by James A. Bacon
I feel so much safer now! Well, I would if I were a 20-year-old female student at the University of Virginia. Acting under a national media spotlight in wake of allegations of gang rape at a university fraternity, the University of Virginia Board of Trustees unanimously passed a resolution yesterday declaring itself to be unalterably opposed to rape. More specifically, the board approved “a zero-tolerance stance on sexual assault,” according to media reports.
Wow, what a profile in courage!
The details of the zero-tolerance stance have yet to be worked out, however. And that is the problem. The devil is in the details. The question that I did not see anyone address in the media accounts I read (Daily Progress, Times-Dispatch) is fundamental: In the alcohol-fueled hook-up culture of the contemporary American campus, what constitutes rape? Of course it’s rape when a first-year woman is lured into an upstairs fraternity-house bedroom and is sexually assaulted by seven men. Any imbecile can see that. Of course it’s rape when a young man slips a woman a date-rape drug and proceeds to have sex with her while she’s senseless. It takes no depth of moral conviction to denounce such an act.
The problem is that a large number, if not a majority, of alleged sexual assaults occur in ambiguous circumstances in a cultural environment pervaded by alcohol, drugs and sexual promiscuity. Typically, there is no violence involved. Sometimes the rape victim doesn’t even decide she’s been raped until the day after. Usually, it’s a he-said, she-said situation in which the memories of both parties are clouded by alcohol. Sorting out guilt and innocence in those circumstances can be exceedingly difficult.
Although the board failed to grapple with any of these essential issues, trustees did boldly consent to several anti-rape measures that will have no impact whatsoever upon the problem. “Lighting will be upgraded around the campus, use of surveillance cameras will be expanded, and a new police substation will be established at the Corner, a popular gathering spot for students,” reports the Times-Dispatch.
Those measures might prevent incidents in which UVa women walking down the street are jumped by armed assailants. But the university is not experiencing that kind of rape epidemic. The number of rapes by unknown men at gunpoint is tiny. The rape epidemic is occurring in fraternity houses and college dormitories.
But never fear! President Teresa Sullivan also plans to institute “training for faculty and students to intercede when they see a problem” and to increase oversight of the fraternity system. This, too, is laughable. I feel safe in saying that (a) a negligible number of rapes occur in the presence to university faculty, and (b) when unwanted sexual intimacy occurs in the presence of students, the witnesses are likely too intoxicated or too distracted by their own sexual designs to apply the fine points of sensitivity training to friends groping one another on the sofa across the room.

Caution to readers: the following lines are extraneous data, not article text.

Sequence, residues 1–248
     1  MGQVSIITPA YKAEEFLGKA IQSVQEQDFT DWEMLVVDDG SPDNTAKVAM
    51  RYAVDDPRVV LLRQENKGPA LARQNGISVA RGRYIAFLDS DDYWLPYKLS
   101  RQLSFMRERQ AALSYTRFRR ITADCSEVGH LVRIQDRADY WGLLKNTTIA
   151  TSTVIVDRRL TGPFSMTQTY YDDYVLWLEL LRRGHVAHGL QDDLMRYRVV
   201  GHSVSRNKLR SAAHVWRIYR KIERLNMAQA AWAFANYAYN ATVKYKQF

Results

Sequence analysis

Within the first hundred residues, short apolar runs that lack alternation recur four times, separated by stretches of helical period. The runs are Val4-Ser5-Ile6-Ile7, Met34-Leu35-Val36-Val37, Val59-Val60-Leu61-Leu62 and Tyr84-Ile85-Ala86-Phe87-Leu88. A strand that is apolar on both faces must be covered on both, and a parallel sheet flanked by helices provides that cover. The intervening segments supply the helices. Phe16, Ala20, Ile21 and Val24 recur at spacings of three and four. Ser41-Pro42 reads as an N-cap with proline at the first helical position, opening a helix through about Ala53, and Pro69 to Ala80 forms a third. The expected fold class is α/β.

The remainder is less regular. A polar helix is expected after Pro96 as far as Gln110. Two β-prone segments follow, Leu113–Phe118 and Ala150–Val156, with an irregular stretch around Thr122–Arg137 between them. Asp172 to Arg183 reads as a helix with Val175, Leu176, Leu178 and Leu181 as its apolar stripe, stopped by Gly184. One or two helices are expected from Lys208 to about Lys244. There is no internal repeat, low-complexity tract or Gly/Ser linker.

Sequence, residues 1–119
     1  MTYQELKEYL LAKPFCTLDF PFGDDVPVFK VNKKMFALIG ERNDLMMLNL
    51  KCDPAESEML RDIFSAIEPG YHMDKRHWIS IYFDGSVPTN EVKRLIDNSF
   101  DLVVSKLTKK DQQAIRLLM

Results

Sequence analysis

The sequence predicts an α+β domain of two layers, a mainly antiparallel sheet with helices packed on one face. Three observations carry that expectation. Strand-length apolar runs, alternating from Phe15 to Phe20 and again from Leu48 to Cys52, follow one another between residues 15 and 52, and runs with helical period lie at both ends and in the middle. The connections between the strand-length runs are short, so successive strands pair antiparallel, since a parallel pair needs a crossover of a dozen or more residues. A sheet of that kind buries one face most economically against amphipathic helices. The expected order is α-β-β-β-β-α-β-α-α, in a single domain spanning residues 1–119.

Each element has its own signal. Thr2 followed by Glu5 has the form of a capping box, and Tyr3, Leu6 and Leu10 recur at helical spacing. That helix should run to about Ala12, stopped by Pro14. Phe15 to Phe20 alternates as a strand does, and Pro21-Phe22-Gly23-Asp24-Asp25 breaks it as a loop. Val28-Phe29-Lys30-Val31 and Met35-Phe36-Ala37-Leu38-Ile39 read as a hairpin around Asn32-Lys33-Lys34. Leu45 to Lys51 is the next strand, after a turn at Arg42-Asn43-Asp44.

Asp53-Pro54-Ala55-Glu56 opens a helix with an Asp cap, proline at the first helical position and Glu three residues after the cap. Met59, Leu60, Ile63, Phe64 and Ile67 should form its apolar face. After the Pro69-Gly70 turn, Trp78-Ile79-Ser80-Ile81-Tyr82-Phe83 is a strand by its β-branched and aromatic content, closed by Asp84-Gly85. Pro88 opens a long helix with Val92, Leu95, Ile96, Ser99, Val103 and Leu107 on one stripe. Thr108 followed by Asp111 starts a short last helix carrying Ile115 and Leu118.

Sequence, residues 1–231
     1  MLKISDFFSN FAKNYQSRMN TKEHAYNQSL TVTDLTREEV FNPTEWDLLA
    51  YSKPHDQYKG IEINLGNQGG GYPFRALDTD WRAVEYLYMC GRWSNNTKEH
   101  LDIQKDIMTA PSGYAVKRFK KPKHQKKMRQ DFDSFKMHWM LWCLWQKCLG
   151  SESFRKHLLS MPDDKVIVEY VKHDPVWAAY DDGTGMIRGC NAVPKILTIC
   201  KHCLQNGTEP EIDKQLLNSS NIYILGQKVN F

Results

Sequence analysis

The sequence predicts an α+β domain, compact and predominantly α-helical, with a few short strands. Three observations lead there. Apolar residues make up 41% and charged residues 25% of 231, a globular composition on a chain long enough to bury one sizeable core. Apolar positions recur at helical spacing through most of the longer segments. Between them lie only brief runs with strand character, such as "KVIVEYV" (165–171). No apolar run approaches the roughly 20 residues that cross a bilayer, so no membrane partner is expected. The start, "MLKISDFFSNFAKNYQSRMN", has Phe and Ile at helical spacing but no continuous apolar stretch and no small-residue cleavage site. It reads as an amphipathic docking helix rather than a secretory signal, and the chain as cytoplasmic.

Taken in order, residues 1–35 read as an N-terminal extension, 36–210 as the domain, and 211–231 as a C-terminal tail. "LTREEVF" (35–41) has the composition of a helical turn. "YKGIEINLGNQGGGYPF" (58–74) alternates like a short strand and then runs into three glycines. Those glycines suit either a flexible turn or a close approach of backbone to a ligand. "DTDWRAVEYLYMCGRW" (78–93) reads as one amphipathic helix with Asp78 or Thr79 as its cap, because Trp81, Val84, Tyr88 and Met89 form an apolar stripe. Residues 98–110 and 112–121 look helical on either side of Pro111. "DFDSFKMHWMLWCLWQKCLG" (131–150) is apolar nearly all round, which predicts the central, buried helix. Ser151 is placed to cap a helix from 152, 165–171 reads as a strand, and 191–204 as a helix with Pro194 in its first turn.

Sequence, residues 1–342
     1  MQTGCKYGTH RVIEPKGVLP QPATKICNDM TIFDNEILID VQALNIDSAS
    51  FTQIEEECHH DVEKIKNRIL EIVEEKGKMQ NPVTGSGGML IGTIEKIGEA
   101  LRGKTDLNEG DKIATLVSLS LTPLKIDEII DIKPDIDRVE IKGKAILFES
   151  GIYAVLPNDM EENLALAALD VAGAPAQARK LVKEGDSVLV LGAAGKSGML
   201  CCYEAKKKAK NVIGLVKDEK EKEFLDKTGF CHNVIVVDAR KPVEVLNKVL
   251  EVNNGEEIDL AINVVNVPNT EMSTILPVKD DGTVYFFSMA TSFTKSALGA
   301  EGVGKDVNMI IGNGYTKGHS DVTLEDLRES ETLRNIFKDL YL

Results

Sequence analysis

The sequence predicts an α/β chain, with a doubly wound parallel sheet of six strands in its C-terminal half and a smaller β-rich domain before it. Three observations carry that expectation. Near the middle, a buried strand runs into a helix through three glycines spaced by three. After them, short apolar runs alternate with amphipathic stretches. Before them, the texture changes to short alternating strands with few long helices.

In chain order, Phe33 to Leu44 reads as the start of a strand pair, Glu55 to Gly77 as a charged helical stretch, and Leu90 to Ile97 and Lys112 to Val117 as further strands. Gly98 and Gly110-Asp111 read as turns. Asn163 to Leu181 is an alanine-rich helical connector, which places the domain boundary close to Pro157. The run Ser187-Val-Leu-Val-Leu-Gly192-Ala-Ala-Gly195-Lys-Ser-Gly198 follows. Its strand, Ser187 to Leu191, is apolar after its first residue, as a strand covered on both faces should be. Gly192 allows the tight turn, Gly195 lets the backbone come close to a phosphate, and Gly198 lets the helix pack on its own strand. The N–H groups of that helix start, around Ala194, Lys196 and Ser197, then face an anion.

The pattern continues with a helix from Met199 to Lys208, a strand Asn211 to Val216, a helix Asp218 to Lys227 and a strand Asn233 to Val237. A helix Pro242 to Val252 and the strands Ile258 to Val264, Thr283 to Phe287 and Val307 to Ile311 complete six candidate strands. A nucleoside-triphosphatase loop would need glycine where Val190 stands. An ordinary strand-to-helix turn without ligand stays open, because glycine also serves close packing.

As for fraternity oversight, the administration’s most notable response at this point consists of shutting down social events by all fraternities and sororities, even though only one institution was implicated in the gang rape. The received wisdom is that the culture of fraternities and sororities is part of the problem — which, in fact, it probably is. Trust me, I am no defender of fraternities. I never joined one when I attended UVa. But I have seen no evidence that all fraternities and sororities are equally debauched in their behavior. An indiscriminate shut-down of all Greek societies in the absence of evidence of wrong-doing at specific houses smacks of hysterical over-reaction that, far from gaining buy-in and cooperation from the institutions involved, will serve only to alienate them.
There was some recognition in the board meeting that binge drinking is part of the problem. “Excessive drinking is the fuel,” said L.D. Britt. “It was the fuel when I was here back in 1968, and it’s the fuel now.” Likewise, Sullivan singled out the culture of drinking. “We need to wipe out the notion that the college experience is incomplete without drinking.”
But there was nothing resembling a consensus on how to address the problem. Should the university and the City of Charlottesville crack down on student drinking, imposing a neo-prohibitionist regime? Should authorities embrace the opposite strategy of making alcohol more readily available students so they don’t have to go to fraternity parties to obtain it? No one has a clue.
One other issue I didn’t see discussed was how the university responds to rape allegations. One of the more horrifying charges in the Rolling Stone article that started this brouhaha was that the rape victim’s friends and the university administration swept the problem under the rug. Another fundamental question: Why wasn’t the case turned over immediately to Charlottesville police for investigation? Rolling Stone asserts that the Sexual Misconduct Board wants to provide less traumatic options for rape victims than pursuing criminal charges. Is that — should that be — the University’s decision to make? Does the Board intend ever to discuss that issue?
In a university that expels students for violating the honor code — no lying, cheating or stealing — it is a travesty not to expel students for sexual assault. But what standard of proof of guilt — criminal, civil or some other standard — should apply? Is the university set up to administer such judicial proceedings and to handle the inevitable appeals? These questions are not easily answered — and it doesn’t appear that either the UVa administration or the Board of Trustees is even asking them. So far, I have seen little to indicate that the university is willing to tackle fundamental issues. I have a sinking feeling that none of this will end well.There are currently no comments highlighted.